Minnesota Vikings Draft Review


Byron Jewell | May 3rd, 2020

The Vikings had a busy draft weekend, with a grand total of 15 selections. They arguably had the best draft in the league and drafted some instant impact players that are ready to play from day one and guys who have high ceilings and will need some patience and coaching. Their total of 15 picks is a new record for selections since the change to the 7-round format and they also made a total of four trades. It’s a lot to take in if you’re a Vikings fan, so let’s break it down.

Make sure to check out all of our other NFL team drafts reviews here.


Round 1, Pick 22: Justin Jefferson, WR, LSU

With the absence of Stefan Diggs after he was shipped to Buffalo, the Vikings badly need a receiver opposite Adam Theilen. Jefferson is a great compliment to Theilen as he can play any receiver position on the field while also being very underrated as an athlete and excellent route runner. He will be a great fit in offensive coordinator Gary Kubiak’s scheme and this was great pick overall as he was my WR4 and somehow slipped past the Eagles. Instant impact playmaker from day one and will be a rookie starter.

Grade: A


Round 1, Pick 31: Jeff Gladney, CB, TCU

Gladney is one of the best corners in the class and fills a massive need and hole on the Vikings roster. Mike Hughes is now the top corner on the team, but with all due respect to Hughes, they needed to add a lot of talent to this position group.

Gladney is one of the top man cover corners in the class and his game is built on excellent athleticism and ball skills. He’s pretty versatile as well with the ability to play both man and zone at an effective level with great foot speed and reactionary quickness. He’ll be a rookie starter from day one and has a really high ceiling.

Full Scouting Report here.

Grade: A


Round 2, Pick 58: Ezra Cleveland, OT, Boise State

The Vikings were in trade talks with the Redskins centered around offensive tackle, Trent Williams, on Day 1 of the draft. Ultimately the trade fell through, leading the Vikings the selecting Cleveland with their 2nd round pick.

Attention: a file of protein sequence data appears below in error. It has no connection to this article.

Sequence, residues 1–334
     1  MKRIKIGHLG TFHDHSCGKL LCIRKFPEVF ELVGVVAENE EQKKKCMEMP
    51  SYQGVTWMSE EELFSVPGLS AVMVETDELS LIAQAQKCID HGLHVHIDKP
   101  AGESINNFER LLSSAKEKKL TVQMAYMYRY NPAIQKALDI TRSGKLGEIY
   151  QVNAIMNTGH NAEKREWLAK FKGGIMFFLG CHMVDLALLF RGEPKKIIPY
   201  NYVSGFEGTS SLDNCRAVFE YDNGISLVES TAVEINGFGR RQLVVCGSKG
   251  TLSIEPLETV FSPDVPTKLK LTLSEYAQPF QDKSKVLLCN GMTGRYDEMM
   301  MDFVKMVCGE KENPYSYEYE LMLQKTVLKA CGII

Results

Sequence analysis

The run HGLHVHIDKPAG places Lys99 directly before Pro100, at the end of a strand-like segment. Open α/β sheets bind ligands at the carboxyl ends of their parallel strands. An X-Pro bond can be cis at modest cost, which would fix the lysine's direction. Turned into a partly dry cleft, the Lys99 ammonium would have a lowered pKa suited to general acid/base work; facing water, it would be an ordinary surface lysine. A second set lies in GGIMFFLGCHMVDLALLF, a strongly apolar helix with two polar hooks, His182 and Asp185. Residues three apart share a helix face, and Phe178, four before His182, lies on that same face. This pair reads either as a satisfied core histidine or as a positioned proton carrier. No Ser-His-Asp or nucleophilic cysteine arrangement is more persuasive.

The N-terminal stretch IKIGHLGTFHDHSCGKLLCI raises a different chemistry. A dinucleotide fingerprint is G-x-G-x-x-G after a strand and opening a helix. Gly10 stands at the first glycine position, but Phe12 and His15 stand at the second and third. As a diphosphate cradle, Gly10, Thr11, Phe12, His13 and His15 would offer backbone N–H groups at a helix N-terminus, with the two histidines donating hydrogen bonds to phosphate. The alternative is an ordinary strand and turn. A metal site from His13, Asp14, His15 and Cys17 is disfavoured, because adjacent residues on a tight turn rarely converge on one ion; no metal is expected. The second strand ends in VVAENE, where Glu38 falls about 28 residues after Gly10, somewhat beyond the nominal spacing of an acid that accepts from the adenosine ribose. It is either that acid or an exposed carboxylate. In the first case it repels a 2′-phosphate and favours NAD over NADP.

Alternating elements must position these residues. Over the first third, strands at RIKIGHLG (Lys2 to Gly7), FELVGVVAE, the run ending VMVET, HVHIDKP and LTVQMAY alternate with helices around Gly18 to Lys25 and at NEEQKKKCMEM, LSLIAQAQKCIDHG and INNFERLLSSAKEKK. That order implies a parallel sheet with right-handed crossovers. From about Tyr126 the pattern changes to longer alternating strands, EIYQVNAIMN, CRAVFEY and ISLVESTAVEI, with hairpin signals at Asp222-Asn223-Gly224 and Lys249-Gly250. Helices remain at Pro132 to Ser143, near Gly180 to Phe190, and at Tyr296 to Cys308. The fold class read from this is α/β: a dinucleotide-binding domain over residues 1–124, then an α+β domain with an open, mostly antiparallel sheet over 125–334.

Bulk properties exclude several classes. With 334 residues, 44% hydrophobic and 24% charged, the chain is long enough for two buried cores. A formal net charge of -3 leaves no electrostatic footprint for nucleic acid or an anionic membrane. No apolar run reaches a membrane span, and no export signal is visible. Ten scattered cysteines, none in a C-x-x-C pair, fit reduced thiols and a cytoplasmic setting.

Cleveland is an interesting player and has one of the wider ranges in projection of play. His arm length is less than ideal for an offensive tackle and lacks play strength, leading to many thinking he is a guard at the next level. On the other hand, Cleveland is an elite athlete for his size with great movement skills that’s rare at the tackle position. He’s gonna need some development and patience, but this could lead to a huge payoff down the road.

Grade: B+

Round 3, Pick 89: Cameron Dantzler, CB, Mississippi State

The Vikings double-dipped early with taking two cornerbacks in the first 3 rounds. He is an excellent zone corner who has great awareness and anticipation. He was getting 1st round buzz until he ran an awful 4.64 at the NFL Combine but he’s still an interesting prospect with good intangibles.

Grade: B

Round 4, Pick 117: D.J. Wonnum, Edge, South Carolina

The Vikings discovered Wonnum when they were watching Javon Kinlaw tape, and he stood out to defensive line coach Andre Patterson. Wonnum had an ankle injury that cost him most of his junior season and doesn’t have any clear pass rush plan, which are concerns. He does have a high motor player with a good awareness but lacks a lot of qualities with a small ceiling.

Grade: C

Round 4, Pick 130: James Lynch, IDL, Baylor

James Lynch was a super productive college player with a breakout 2019 campaign with 19.5 tackles for loss and 13.5 sacks. He’s initially gonna be an interior pass rusher, but some think he’s better suited to play on the outside. He has an extremely high level of competitiveness with great hands, but he needs to figure out counter-attacks against longer players with his lack of length. He projects as an initial interior pass rusher but will hope to expand his game.

Grade: B-

Round 4, Pick 132: Troy Dye, LB, Oregon